Also, Tebow has yet to have an undefeated season. 

His record with the Gators already includes three times as many losses as Frazier had at Nebraska, despite the national titles. When you examine the facts (instead of listening to ESPN), this one isn't that close

EDGE: Frazier

 

3. Mobility.  Once again, this is a hard category because they have different types of mobility. You won't find footage of an 80-yard Tebow run. In contrast, just about every Frazier play you see is him breaking a big one for a score. 

Conversely, you will find some football of Frazier running right at the heart of defenses, even though Tebow does it more often and more effectively. Due to that, and the fact that Frazier ran an offense that demanded him to run almost every play, he gets the nod.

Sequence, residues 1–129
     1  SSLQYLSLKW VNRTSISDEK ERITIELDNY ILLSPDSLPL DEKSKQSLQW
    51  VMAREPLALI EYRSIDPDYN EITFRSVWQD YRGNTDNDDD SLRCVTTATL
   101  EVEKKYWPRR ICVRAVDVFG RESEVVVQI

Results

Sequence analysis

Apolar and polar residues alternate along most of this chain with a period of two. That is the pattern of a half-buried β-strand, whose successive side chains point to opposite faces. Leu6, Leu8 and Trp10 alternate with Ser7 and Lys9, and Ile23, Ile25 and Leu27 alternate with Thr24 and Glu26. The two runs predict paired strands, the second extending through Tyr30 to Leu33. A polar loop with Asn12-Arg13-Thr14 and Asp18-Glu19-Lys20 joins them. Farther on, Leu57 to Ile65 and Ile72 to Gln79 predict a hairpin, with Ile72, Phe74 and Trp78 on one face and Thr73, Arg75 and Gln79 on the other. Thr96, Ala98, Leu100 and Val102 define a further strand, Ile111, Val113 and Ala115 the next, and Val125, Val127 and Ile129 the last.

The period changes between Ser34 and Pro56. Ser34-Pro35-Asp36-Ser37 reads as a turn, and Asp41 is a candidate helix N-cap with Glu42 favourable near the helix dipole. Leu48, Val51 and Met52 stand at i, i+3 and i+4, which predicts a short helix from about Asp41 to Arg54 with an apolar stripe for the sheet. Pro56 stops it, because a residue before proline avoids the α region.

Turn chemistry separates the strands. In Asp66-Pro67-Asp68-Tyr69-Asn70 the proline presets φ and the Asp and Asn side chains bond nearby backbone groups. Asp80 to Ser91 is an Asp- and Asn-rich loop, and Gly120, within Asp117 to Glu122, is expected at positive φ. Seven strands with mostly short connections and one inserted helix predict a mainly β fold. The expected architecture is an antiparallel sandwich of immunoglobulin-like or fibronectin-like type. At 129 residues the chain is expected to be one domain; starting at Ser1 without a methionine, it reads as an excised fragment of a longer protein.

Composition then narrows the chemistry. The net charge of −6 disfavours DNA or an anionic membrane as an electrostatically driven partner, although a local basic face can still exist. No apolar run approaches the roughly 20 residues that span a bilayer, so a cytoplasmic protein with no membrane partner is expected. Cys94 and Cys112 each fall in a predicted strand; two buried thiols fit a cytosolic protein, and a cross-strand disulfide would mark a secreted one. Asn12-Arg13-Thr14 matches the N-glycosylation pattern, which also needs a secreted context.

EDGE: Frazier

 

4. Arm Strength.  Easily the hardest category. It's Frazier by a mile...kidding.

Look, Tebow only throws about 20 percent of his passes longer than 10 yards (meaning that's how far he throws them not how far the play ends up going for) and I'm not convinced he has a world-class arm. 

That being said, he has a good arm and it certainly keeps defenses on their toes.  Frazier rarely threw, so while his arm might have been great it wasn't an important factor in Nebraska success. Tebow's arm, on the other hand, is a necessity for the Florida offense.

EDGE: Tebow